Decade’s Hottest Stocks Reflect Hunger for Anything Tech


The decade of the tech stock? Now there’s an understatement.

The hottest stocks of the 1990s are virtually an all-tech affair, as a list of the top performers compiled for The Times by Ned Davis Research shows.

Just look at Dell Computer Corp.’s decade-leading 91,863% rise, as measured from its closing stock price on the last trading day of 1989 through Thursday.

That means a $5,000 investment in the personal computer maker at the start of the ‘90s would be worth more than $4.5 million today. You could have become a Dell millionaire by putting in only about a grand.



A $5,000 investment in No. 2 performer EMC Corp., which makes data storage software and equipment, would be worth more than $3.5 million today.

Who knew?

Both of those issues were pretty much penny stocks on Dec. 29, 1989, the last trading day of the ‘80s. Dell went for $5.75 a share (split adjusted: less than 6 cents), and EMC fetched $3.63 (split adjusted: 13.5 cents).

Microsoft Corp., well known by then but certainly not the preeminent software firm it is today, likewise would have put you in the millionaire camp with a modest investment.

From a split-adjusted $1.21 a share at the end of 1989, the stock today is worth nearly $120 a share. A $5,000 investment in 1989 would be worth nearly half-a-million dollars now.

Of course, much of the advance in Dell, EMC, Microsoft and most other tech stocks has come just in the last two to three years.

Still, in an era when many tech investors like to trade rapidly in and out of stocks, the ‘90s performances show how lucrative a buy-and-hold strategy can be--when you buy the right stock.


Propelled by such superstars--as well as by many new issues that have begun trading in recent years--the technology-oriented Nasdaq composite index has risen 774% this decade, through Monday, while the Dow Jones industrial average has gained 314%.

Including stocks that began trading in this decade, the list of top-performing issues of the ‘90s changes somewhat, given the hot performances of many new issues. Shares of telecom equipment maker JDS Uniphase Corp., for example, are up 28,894% since they began trading in 1993. America Online is up 70,626% since it began trading in 1992.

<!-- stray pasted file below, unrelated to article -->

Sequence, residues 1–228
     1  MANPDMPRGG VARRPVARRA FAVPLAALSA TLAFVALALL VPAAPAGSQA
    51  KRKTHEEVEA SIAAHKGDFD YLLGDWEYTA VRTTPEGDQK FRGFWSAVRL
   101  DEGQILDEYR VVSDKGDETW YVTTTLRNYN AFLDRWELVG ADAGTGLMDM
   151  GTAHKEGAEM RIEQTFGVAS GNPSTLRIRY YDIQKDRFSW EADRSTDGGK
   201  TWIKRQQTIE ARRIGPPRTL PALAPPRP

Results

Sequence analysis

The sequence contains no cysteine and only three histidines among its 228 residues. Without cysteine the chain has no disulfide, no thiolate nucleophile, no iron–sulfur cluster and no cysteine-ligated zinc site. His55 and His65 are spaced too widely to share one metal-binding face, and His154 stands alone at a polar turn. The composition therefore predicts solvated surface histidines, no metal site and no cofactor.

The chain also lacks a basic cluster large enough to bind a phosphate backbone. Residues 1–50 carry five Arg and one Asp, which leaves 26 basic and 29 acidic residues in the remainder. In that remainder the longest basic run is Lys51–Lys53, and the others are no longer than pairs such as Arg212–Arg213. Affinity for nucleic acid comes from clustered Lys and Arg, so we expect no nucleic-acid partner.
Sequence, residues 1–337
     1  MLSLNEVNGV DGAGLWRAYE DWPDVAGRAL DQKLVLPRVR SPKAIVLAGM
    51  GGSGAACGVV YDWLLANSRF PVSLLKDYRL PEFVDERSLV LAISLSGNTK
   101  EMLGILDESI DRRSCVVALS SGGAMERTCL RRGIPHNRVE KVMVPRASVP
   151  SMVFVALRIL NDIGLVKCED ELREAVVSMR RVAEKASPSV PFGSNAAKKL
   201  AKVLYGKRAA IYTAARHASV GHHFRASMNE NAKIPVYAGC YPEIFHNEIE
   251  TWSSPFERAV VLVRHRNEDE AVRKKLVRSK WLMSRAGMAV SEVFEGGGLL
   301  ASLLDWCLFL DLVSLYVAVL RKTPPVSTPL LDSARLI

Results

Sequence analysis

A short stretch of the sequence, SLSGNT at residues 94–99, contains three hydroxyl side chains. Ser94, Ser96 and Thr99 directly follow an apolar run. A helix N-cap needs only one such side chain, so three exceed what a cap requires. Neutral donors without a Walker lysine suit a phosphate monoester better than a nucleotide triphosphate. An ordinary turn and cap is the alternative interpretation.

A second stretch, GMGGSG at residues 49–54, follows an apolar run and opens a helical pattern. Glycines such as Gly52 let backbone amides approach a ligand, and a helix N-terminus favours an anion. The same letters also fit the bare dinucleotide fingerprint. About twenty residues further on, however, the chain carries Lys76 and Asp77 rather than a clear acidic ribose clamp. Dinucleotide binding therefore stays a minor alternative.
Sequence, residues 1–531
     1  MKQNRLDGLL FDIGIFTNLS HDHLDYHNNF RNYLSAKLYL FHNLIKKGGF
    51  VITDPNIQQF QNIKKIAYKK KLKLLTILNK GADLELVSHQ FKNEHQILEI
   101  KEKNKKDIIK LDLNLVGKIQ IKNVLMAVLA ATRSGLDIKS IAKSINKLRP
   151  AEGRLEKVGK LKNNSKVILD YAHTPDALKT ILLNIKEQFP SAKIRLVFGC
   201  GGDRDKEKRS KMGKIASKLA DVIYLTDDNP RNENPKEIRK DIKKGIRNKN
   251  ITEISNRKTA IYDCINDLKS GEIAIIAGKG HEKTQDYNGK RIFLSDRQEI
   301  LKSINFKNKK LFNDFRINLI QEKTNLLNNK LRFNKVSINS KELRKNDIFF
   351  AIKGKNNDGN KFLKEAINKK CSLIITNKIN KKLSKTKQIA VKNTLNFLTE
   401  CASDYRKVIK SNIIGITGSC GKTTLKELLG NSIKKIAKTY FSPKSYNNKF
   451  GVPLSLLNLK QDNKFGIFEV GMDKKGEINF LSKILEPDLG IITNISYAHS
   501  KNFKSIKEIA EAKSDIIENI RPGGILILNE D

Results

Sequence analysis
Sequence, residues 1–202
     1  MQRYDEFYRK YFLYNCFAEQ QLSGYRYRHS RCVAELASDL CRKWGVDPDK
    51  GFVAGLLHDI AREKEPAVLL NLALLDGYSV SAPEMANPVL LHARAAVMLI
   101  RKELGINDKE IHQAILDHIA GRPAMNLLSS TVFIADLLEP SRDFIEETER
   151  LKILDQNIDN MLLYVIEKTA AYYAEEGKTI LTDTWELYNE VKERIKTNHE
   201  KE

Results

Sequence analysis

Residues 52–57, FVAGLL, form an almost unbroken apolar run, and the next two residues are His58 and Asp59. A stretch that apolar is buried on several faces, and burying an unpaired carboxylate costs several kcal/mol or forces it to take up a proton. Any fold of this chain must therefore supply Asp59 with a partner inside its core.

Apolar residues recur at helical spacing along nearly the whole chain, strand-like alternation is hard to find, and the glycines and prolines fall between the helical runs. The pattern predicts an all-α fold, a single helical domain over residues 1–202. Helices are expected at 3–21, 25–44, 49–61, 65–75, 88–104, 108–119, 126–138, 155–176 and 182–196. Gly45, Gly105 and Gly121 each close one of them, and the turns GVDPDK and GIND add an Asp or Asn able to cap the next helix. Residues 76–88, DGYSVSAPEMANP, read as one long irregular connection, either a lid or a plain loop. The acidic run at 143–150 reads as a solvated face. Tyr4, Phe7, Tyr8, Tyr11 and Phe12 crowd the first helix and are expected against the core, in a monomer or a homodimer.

All told, the ‘90s market blockbusters are on a different scale than ‘80s blockbusters. Most of the ‘80s stars were consumer-oriented and included many retailers. Tech stocks in the ‘80s were largely viewed as a boom or bust investment play; many investors preferred to bet on a continuation of Americans’ conspicuous consumption via names such as Circuit City and Limited Inc.

Circuit City, in fact, topped the list of the hottest stocks in the Standard & Poor’s 500 index in the 1980s. Yet its gain in that decade--8,252%, according to Ned Davis Research--was far below what the best tech stocks achieved in the ‘90s.

Several of the stars of the ‘80s have continued to perform respectably in the ‘90s. Circuit City is up 681% since Dec. 31, 1989, modest compared with its rise in the ‘80s, but more than double the Dow’s gain.

(Rival electronics retailer Best Buy, meanwhile, has been the 10th best-performing stock in this decade, up 8,900%.)

Other ‘80s stars that have surged in this decade as well include Wal-Mart, up 1,138%; and Gap, up 2,302%.

But two other retailers--department store chain Dillard’s and toy giant Toys R Us--have actually declined in price in the ‘90s after being among the hottest stocks of the ‘80s.

Whether the ‘90s tech stars’ stock gains will be sustained is another question. For now, here’s a closer look at some names that had the potential to make investors super-rich in the decade now ending:

* Dell, the No. 1 stock, found a better way of doing things: selling personal computers directly to consumers either by phone or, more recently, via the Internet.